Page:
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Clinton choice for economic council seen as bridge to Fed

December 20, 1996 GMT

WASHINGTON (AP) _ For an administration that has gone out of its way to build bridges to the independent but powerful Federal Reserve, the selection of Janet Yellen as chairman of the Council of Economic Advisers was seen as an inspired choice.

While presidents have often picked their Fed nominations from the ranks of the Council of Economic Advisers, this is the first time a president has tapped a top Fed official to head the three-member panel that serves as the administration’s in-house think tank.

But given that a hallmark of Clinton’s first term was an effort to stay on good terms with the Fed and its Chairman Alan Greenspan, the decision to nominate Yellen, currently a member of the Federal Reserve, was viewed as astute.

``By picking Yellen, it allows Clinton to establish more links to the Fed and to Greenspan,″ said David Wyss, an economist at DRI-McGraw Hill Inc.

Yellen, 50, was an economics professor at the University of California at Berkeley when Clinton selected her two years ago as one of his first two appointments to the Fed.

While Wall Street worried that Yellen would be too dovish on inflation, she quickly learned to talk like a central banker and won widespread praise for her performance on the Fed, where she publicly supported Greenspan’s cautious approach to managing interest rates.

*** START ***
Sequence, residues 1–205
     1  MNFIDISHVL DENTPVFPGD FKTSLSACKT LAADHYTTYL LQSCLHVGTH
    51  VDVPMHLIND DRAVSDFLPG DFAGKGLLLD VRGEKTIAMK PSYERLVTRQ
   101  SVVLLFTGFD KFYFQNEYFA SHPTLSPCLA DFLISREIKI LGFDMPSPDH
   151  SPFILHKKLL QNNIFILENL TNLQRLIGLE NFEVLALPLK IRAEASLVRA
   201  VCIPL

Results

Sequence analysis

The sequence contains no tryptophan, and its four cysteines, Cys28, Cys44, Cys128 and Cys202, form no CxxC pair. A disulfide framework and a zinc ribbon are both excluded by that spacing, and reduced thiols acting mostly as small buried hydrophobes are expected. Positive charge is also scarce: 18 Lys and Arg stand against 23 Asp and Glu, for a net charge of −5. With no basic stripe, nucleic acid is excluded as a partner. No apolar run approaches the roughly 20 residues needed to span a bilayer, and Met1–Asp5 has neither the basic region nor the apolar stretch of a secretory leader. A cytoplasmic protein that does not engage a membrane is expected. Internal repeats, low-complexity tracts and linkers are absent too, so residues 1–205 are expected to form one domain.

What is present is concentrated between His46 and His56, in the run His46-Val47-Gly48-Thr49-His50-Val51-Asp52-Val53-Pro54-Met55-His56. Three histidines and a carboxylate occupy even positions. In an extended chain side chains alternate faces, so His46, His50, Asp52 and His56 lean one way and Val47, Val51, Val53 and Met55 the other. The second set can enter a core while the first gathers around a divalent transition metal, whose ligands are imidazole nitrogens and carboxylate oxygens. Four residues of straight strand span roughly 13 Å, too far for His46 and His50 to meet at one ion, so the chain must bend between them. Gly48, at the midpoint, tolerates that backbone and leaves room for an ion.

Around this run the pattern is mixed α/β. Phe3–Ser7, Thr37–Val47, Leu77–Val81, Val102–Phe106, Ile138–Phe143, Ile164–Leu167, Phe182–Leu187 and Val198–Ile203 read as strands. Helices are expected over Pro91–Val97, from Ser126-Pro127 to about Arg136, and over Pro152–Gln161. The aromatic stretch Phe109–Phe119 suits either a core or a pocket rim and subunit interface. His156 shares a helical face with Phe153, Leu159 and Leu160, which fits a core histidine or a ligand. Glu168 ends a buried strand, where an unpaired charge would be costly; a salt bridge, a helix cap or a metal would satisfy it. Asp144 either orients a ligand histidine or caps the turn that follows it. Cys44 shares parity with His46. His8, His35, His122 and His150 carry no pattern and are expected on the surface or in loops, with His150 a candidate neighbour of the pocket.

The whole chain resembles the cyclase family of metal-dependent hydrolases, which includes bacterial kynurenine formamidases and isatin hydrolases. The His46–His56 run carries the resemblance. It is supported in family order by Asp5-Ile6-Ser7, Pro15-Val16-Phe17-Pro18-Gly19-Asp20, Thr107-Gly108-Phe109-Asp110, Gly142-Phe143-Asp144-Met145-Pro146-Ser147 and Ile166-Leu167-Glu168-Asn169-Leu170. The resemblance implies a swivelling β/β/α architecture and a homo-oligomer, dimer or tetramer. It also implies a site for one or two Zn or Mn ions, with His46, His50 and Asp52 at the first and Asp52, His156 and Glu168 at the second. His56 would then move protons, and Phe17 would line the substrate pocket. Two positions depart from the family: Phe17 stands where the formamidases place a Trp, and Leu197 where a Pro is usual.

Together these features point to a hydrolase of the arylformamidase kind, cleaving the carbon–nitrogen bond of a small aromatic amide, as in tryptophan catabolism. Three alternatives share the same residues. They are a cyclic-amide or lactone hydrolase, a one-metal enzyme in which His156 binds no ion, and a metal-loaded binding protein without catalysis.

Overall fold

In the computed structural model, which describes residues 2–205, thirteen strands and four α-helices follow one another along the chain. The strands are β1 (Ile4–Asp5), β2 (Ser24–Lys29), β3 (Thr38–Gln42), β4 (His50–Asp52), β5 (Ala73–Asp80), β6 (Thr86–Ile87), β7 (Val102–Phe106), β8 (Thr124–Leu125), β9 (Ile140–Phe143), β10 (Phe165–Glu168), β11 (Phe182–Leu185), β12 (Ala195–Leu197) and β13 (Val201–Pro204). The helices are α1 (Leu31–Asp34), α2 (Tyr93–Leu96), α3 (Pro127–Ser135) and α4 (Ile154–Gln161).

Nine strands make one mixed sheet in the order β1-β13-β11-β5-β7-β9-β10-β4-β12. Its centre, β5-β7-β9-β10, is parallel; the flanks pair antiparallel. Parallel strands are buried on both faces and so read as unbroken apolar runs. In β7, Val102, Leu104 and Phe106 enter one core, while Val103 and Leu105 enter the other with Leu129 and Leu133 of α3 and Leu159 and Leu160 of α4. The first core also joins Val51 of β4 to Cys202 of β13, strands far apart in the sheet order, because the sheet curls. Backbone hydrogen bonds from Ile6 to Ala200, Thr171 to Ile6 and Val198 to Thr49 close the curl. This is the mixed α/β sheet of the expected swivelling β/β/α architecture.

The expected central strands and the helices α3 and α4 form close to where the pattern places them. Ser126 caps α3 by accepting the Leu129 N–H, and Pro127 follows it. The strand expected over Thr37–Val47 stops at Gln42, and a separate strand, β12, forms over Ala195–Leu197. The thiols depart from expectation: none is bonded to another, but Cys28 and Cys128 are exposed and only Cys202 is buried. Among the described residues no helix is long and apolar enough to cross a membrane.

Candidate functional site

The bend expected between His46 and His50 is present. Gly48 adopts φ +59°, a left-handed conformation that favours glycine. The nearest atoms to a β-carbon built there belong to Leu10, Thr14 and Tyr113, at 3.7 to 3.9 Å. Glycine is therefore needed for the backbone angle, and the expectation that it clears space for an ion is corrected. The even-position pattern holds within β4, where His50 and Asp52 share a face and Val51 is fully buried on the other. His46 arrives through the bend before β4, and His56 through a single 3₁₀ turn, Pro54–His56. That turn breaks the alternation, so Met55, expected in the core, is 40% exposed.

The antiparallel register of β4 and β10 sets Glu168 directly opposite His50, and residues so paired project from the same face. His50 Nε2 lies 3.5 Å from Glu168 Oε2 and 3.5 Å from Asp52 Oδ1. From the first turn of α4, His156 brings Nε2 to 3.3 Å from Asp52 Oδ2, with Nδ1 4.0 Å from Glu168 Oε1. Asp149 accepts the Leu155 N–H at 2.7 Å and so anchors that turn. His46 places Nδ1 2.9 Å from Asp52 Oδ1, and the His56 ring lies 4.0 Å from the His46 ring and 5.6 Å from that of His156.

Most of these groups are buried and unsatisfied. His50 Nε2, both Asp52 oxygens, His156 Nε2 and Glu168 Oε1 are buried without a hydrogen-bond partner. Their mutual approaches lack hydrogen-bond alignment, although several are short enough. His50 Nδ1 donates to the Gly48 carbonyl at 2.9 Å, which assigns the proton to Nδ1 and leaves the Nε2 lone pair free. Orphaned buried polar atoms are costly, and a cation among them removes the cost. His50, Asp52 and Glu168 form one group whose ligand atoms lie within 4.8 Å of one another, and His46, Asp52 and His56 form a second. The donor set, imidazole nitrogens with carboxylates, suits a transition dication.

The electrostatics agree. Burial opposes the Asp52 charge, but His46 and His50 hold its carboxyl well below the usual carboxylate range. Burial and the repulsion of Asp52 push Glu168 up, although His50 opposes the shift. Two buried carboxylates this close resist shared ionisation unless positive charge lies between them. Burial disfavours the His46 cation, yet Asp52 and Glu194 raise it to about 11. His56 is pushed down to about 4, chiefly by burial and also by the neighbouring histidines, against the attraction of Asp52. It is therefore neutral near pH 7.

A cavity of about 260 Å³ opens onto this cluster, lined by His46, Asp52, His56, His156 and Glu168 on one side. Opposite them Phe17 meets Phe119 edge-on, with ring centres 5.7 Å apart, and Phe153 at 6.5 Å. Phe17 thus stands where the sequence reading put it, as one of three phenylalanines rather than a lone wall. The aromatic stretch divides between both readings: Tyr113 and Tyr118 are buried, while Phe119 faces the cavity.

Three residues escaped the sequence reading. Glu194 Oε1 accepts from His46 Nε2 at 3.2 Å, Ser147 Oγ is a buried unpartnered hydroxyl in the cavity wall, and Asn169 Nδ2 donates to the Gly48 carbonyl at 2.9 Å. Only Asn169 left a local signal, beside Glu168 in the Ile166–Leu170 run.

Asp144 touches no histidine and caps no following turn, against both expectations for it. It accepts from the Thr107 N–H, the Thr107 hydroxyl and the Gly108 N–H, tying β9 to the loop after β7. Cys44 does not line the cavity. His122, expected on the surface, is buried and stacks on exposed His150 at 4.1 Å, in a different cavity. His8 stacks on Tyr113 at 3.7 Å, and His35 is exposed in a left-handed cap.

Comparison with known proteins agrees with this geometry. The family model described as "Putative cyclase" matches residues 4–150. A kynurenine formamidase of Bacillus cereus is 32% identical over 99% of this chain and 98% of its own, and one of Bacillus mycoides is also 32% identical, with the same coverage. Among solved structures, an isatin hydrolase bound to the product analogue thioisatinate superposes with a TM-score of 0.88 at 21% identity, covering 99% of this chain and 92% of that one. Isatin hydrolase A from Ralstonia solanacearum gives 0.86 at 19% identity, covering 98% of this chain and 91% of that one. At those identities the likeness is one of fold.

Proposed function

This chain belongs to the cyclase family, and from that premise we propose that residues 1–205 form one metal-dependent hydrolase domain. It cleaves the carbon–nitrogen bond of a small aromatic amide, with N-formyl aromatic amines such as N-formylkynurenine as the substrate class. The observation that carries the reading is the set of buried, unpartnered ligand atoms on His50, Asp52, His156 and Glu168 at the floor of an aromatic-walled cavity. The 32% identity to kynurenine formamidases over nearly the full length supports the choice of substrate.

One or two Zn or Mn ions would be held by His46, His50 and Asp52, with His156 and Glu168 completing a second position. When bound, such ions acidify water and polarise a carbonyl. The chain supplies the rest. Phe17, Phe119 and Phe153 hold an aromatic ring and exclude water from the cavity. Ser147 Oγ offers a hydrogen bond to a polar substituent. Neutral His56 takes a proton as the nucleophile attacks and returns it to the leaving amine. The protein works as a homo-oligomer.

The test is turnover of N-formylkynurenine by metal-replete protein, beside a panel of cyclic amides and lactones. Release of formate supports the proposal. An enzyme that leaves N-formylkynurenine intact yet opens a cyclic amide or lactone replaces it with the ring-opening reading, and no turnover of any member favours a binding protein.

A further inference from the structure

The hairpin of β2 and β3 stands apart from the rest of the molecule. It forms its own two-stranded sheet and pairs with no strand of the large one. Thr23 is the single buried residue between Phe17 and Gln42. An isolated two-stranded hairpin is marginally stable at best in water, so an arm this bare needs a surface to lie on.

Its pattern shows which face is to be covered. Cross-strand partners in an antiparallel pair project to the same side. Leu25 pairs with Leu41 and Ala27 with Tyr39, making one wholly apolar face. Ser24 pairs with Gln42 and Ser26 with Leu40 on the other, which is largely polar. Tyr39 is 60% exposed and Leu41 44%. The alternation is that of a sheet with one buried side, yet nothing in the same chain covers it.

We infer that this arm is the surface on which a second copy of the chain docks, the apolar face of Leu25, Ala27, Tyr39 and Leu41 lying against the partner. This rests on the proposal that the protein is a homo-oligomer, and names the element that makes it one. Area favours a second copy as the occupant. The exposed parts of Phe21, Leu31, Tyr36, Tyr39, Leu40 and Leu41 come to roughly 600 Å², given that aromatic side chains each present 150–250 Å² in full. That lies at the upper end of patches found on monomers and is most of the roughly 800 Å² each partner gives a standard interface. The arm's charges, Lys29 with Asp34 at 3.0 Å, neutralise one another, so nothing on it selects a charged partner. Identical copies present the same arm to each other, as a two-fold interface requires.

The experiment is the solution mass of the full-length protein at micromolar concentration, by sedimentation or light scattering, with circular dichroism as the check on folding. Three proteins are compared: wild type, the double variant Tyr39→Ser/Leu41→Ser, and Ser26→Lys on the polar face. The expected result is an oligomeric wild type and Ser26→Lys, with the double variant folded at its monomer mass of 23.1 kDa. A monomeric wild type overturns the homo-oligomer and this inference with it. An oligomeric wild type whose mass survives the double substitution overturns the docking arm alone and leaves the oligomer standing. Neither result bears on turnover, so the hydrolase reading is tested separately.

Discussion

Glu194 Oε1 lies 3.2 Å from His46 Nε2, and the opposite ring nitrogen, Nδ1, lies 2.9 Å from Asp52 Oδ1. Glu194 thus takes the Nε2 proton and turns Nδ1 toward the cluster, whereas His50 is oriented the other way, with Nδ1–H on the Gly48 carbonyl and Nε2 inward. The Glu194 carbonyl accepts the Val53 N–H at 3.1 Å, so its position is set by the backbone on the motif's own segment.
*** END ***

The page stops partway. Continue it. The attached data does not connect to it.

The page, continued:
In accepting the nomination Friday, Yellen joked that she hoped to do ``half as well as my two distinguished predecessors.″

In fact, Yellen has close ties to both council Chairman Joseph Stiglitz, who was one of her college professors at Yale, and Laura Tyson, who was a teaching colleague at Berkeley.

Stiglitz is leaving the administration to take the job as chief economist as the World Bank while Tyson, who two years ago left the Council of Economic Advisers to take the job as director of the president’s National Economic Council, is returning to the faculty at Berkeley.

In a second Clinton term, both economic councils are expected to have less influence. Some economists noted that Princeton economist Alan Blinder, who was a member of the Council of Economic Advisers in Clinton’s first term, turned down an offer to return as chairman.

``Janet Yellen will be a competent head of the CEA, but I doubt that she will be the spokesman for administration policy that Laura Tyson was,″ said David Jones, an economist at Aubrey G. Lanston & Co. in New York. ``In this term, the real inside circle of policy-makers will be the president and Treasury Secretary Robert Rubin.″

Yellen’s speech still has traces of the Brooklyn where she was born and grew up. She attended Brown University as an undergraduate and received her doctorate in economics in 1971 from Yale.

She was an assistant professor for five years at Harvard, where Deputy Treasury Secretary Lawrence Summers was one of her students. She joined the faculty of the business school at Berkeley in 1980.

As an economist, she has specialized in the causes and implications of unemployment. She is married to another prominent economist, George Akerlof, and they have co-authored a number of economic articles. They have one son.